8. I keep trying to point out to X that CT is an attempt to make me a living. Thus it does tend to gain some attention. We’re not there yet but we can see the pathway to it at least….

  9. Ted S–I, like the most of rest of the human race, rarely look at Contins. Are you one of the regular commenters there? The three of you won’t be needing to swap your telephone box meeting room for a TARDIS anytime soon–even tho’ one will be for sale by the time the BBC have finished.

    There is no question of freeloading. Contins is –or was?(I rarely keep up with it) free–the money comes from the advertisers so Tim has to kiss their CM a’feared arses. Hence the anodyne nature of Contins comments. Redolent of an opium den full of half-dead ether-sniffers dumped out of wheelbarrows.

    Which sums your comment up nicely.

  10. Bloke in North Dorset

    Its not as if breast cancer screening increases overall mortality and may even decrease it:

    Authors’ conclusions:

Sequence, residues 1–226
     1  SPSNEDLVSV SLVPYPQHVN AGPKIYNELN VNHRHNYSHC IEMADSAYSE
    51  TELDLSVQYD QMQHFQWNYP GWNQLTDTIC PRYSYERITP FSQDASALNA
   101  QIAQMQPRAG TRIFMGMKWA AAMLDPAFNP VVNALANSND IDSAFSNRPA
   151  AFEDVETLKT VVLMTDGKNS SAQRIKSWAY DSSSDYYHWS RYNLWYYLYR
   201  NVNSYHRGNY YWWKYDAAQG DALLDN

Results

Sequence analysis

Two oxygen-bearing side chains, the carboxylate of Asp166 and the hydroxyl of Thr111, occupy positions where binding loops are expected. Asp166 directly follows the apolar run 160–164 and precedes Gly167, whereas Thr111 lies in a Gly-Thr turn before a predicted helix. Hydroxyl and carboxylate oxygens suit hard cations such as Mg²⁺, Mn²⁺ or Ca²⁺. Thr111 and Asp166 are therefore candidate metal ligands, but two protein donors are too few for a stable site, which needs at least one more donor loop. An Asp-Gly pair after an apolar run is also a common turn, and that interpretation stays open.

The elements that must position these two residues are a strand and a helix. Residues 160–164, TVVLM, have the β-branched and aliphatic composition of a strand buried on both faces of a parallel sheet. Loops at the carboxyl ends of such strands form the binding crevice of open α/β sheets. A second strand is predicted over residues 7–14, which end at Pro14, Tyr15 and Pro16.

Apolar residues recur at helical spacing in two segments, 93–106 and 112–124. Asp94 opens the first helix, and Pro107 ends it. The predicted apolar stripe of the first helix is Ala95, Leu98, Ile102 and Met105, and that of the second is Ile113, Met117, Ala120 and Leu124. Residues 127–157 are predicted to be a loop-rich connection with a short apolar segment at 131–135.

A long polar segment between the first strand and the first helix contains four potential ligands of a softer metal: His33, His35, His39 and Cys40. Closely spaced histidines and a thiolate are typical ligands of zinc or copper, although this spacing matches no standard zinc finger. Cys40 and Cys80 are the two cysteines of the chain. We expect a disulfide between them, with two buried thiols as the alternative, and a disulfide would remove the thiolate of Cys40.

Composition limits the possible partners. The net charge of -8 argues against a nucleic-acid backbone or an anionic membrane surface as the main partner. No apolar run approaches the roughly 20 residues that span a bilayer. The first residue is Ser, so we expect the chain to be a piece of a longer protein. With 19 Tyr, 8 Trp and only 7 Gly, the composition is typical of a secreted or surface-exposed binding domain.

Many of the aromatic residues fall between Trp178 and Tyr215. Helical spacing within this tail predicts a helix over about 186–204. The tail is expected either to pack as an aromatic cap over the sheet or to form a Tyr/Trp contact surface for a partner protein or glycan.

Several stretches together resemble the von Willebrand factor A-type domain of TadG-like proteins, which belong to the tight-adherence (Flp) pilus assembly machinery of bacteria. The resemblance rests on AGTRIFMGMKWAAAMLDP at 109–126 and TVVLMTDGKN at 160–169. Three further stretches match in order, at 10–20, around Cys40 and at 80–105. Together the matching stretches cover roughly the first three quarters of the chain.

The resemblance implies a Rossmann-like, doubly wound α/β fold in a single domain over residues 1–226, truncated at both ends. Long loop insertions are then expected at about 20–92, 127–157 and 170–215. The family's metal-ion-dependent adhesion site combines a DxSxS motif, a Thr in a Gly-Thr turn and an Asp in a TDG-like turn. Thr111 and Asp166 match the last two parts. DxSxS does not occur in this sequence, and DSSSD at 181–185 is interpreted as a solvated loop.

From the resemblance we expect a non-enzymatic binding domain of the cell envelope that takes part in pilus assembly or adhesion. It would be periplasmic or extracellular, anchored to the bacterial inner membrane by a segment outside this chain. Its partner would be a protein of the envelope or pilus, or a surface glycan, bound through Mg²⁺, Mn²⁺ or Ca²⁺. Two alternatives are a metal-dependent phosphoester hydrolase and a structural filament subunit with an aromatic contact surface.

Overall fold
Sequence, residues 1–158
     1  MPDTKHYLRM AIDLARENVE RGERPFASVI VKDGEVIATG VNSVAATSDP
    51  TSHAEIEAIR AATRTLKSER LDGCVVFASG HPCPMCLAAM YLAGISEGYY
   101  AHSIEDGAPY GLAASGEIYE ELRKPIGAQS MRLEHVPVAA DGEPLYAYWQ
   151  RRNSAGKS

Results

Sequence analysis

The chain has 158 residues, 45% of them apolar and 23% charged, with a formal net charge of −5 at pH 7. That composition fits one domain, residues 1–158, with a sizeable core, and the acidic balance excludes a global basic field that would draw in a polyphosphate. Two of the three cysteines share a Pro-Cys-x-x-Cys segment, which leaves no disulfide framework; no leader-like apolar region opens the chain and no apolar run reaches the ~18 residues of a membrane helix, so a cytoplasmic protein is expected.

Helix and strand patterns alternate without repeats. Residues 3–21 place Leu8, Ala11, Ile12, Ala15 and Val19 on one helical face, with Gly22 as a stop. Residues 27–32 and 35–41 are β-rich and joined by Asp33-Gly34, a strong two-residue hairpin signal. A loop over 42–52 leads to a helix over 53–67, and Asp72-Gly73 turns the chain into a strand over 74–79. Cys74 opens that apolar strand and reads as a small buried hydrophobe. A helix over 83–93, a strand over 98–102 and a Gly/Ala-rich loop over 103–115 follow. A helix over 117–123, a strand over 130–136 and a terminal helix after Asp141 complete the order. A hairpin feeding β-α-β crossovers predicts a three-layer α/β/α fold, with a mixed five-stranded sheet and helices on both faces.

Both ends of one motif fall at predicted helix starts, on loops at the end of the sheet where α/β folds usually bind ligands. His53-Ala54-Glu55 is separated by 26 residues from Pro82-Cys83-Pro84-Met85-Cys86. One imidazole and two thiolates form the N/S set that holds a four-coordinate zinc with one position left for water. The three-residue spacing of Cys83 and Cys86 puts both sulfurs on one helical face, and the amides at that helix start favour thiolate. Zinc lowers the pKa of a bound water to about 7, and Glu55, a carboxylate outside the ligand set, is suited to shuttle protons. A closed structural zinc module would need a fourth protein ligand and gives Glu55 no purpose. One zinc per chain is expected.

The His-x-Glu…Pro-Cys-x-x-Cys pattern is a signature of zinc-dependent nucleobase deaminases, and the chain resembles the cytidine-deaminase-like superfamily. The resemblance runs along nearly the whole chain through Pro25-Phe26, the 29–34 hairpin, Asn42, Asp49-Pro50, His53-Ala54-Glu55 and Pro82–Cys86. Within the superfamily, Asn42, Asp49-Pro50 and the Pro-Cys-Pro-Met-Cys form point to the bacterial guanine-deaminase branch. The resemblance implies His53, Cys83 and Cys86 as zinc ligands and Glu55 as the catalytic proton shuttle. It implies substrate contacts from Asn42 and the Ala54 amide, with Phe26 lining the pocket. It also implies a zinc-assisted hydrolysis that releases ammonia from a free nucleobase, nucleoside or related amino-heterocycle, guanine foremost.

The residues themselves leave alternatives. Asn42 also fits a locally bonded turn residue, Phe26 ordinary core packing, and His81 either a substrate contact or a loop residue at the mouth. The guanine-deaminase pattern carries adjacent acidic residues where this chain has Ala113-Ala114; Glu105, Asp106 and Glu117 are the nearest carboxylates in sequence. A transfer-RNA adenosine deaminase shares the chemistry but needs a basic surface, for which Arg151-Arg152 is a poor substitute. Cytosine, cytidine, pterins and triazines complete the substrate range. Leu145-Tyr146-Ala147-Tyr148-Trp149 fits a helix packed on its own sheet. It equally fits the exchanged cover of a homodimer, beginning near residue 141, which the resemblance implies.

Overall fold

If we assume that screening reduces breast cancer mortality by 15% and that overdiagnosis and overtreatment is at 30%, it means that for every 2000 women invited for screening throughout 10 years, one will avoid dying of breast cancer and 10 healthy women, who would not have been diagnosed if there had not been screening, will be treated unnecessarily. Furthermore, more than 200 women will experience important psychological distress including anxiety and uncertainty for years because of false positive findings. To help ensure that the women are fully informed before they decide whether or not to attend screening, we have written an evidence-based leaflet for lay people that is available in several languages on Because of substantial advances in treatment and greater breast cancer awareness since the trials were carried out, it is likely that the absolute effect of screening today is smaller than in the trials. Recent observational studies show more overdiagnosis than in the trials and very little or no reduction in the incidence of advanced cancers with screening.